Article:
Sunday, March 30, 2014

Blues primed to push to the finish

Division, conference, Presidents' Trophy not out of the question 
despite clunker against Dallas Saturday; Hitchcock to shuffle deck

ST. LOUIS -- The Blues' 4-2 setback on home ice against the Dallas Stars set the team back a step in its quest for end-of-season goals but not all was lost.

The Blues (50-17-7) have fallen out of the top spot in the race for the Presidents' Trophy. Residence has been taken up by the Boston Bruins, who lead the Blues by three points (110-107). 

The Blues, who did clinch a playoff berth last week, next need to cross a division title off the list. That appears imminent as the Colorado Avalanche (100 points) and Chicago Blackhawks (99 points) seem to have too much ground to catch up on and few games left to do it.
(St. Louis Blues/Mark Buckner)
The Blues' Vladimir Sobotka (middle) and Ian Cole (right) will look to get
back on track after falling to the Dallas Stars on Saturday night.

The Blues' closest pursuer for the Western Conference crown are the Anaheim Ducks, who are three points back with 104 and the San Jose Sharks, who have 103 points but with three fewer games left. The Ducks seem to offer the Blues, who have eight games remaining, the only legitimate threat for the top spot in the conference.

So there is still plenty left to play for, but when the Blues hit the ice Monday morning at the Ice Zone, it'll be time to get their mojo back.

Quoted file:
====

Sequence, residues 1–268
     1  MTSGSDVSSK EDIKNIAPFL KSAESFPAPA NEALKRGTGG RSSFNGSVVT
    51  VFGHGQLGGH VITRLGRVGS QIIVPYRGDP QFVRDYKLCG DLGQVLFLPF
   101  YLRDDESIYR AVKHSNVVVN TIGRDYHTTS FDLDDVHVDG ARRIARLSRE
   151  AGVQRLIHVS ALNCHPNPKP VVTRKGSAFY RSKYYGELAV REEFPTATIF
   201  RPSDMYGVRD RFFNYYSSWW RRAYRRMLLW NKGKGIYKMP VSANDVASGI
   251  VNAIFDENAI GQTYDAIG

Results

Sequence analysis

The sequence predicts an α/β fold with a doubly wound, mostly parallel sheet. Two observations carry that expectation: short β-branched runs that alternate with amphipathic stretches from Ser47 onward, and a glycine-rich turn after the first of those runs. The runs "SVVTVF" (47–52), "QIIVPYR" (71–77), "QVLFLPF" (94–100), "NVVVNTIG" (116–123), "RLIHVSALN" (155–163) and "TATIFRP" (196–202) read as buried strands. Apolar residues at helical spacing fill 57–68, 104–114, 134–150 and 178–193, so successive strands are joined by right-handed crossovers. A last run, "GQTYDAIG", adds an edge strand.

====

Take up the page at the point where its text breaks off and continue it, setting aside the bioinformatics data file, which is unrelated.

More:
Blues coach Ken Hitchcock used terms such as "sloppy" and "throwing our sticks on the ice" as well as "inconsistent" to define what the Blues have been going through in stretches.

Hitchcock wouldn't specify names, but it was pretty clear he was pointing at the back three forward units when he was referring to inconsistency. Maybe not so much of the second line consisting of Vladimir Sobotka, Jaden Schwartz and Patrik Berglund, but putting too much burden on the line of David Backes, Alexander Steen and T.J. Oshie forced Hitchcock to separate that trio earlier in the season despite their rapid number of points. It was to balance out four consistent lines, which could be a place the veteran coach will go to once again as the Blues finish the season playing eight games in 13 days.

"I thought we were casual and paid for it (Saturday)," Hitchcock said. "We need a good hockey practice on Monday, get back to work and get back to doing the things we need to do. We had a really average outing (Saturday) and paid for it. We've won games like that before, getting all those scoring chances, twice we mount comebacks (against Dallas), things like that. But if you look at it, in the first period against Minnesota (Thursday in a 5-1 victory), what were the shots, 8-1 for Minnesota? They scored on their ones here. Minny didn't score. If Minny scores on those, we're chasing that game, too. That's what I mean by not engaged. We've got to get engaged a lot quicker in the game, start dictating from a work standpoint. We're playing at times like we're just throwing our sticks on the ice a little bit here. We'll get that fixed."